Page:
Healthcare Professionals

This section is intended for healthcare professionals and associated healthcare employees in the UK only – this includes GPs, nurses, practice managers, GP practice administration support, pharmacists and pharmacy counter assistants.

If you are not a healthcare professional or healthcare employee, you should not enter this section – information regarding flu can be found on the main website.

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Flu Risk With Chronic Kidney disease

Chronic Kidney Disease (CKD) is a long-term condition where your kidneys do not function properly, which can gradually worsen over time.

If you have CKD at stage 3, 4 or 5 (sometimes known as Established Renal Failure or ERF), you are at a greater risk of becoming seriously ill from flu than the general population1. This is because it is harder for your immune system to fight off the infection, and could lead to problems with other organs in your body1.

In fact, evidence suggests that people with chronic long-term illnesses, including kidney disease, are 11 times more likely to die as a result of complications from flu than someone with healthy kidneys not in at risk groups2.

If you catch flu while you are waiting for a transplant and a kidney becomes available, there is a risk that you may not be well enough to have the operation. So it’s really important to try and stay as healthy as possible.

 

Cold and flu medications

Some over-the-counter cold and flu medications may be unsuitable or even dangerous for people with kidney disease, depending on their ingredients. You should always ask your pharmacist for advice3.

 

Protecting yourself from flu

The flu viruses predominantly circulate during the winter. So you should think about how to help protect yourself as the flu season approaches.

Vaccination is the most effective way to avoid developing the flu4, and if you have CKD at stage 3, 4 or 5, kidney failure, nephrotic syndrome or you have had a kidney transplant, you are eligible for a free flu vaccination on the NHS.

If you have had a kidney transplant, you should also talk to your doctor about how best to help protect yourself from flu. This is because some of the anti-rejection medications you may need to take may also make the flu vaccine less effective5.

 

Other ways to avoid infection

You can also take additional steps, such as avoiding public transport and crowds. However, if you’re unable to avoid public places (for example, if you need to get to hospital for dialysis), use the antiseptic hand gel dispensers in the hospital regularly, cover your nose and mouth if you sneeze or cough, and dispose of any used tissues as quickly as possible.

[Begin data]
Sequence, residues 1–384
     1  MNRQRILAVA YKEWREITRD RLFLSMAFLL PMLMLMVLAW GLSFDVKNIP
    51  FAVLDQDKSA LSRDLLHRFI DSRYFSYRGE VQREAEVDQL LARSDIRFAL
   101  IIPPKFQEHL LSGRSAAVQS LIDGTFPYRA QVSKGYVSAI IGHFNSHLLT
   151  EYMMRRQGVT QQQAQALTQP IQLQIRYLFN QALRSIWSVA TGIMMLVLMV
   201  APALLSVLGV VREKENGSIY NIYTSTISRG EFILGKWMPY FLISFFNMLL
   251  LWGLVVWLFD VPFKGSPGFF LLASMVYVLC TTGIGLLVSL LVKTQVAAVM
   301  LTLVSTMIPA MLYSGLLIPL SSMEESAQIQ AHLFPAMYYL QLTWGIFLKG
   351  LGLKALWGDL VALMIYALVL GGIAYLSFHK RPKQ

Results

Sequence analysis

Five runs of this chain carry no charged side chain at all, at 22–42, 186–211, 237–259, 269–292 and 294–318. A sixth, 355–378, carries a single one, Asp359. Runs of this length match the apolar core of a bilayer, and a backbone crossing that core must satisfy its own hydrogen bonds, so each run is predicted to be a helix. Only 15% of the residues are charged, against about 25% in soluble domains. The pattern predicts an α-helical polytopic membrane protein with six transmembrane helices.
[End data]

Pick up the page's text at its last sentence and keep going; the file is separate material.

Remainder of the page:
Get vaccinated early – from October to early November – to ensure you’re protected right through the winter

 

You can get your free flu vaccination* at your GP surgery or in a pharmacy. Most pharmacies in the UK now offer both the NHS free flu jab as well as a private jab. This might be a more convenient option for you. Enter your postcode in the search box above to find your nearest local flu clinic.

*Free NHS jabs are available only to those who fall within the current risk categories.

 

References

1. Pharmaceutical Services Negotiating Committee. Flu Vaccinations and Chronic Kidney Disease. http://psnc.org.uk/avon-lpc/wp-content/uploads/sites/23/2015/07/Chronic-Kidney-Disease-and-Flu-Vaccine-Importance.pdf (accessed July 2017)

2. Kidney Research UK. Kidney patients are at higher risk – don’t forget your flu jab! October 2016. https://www.kidneyresearchuk.org/news/kidney-patients-at-higher-risk–dont-forget-your-flu-jab (accessed July 2017)

3. NHS. Pharmacy remedies and kidney disease. March 2015. http://www.nhs.uk/Livewell/Kidneyhealth/Pages/Choosingapharmacyremedy.aspx (accessed July 2017)

4. World Health Organization. Influenza (Seasonal) Fact Sheet N0. 211, November 2016. http://www.who.int/mediacentre/factsheets/fs211/en/ (accessed July 2017)

5. California Pacific Medical Center. Vaccinations Before and After Kidney Transplantation. http://www.cpmc.org/advanced/kidney/news/newsletter/042012-transplant-vaccinations.html (accessed July 2017)

Adverse Event Reporting

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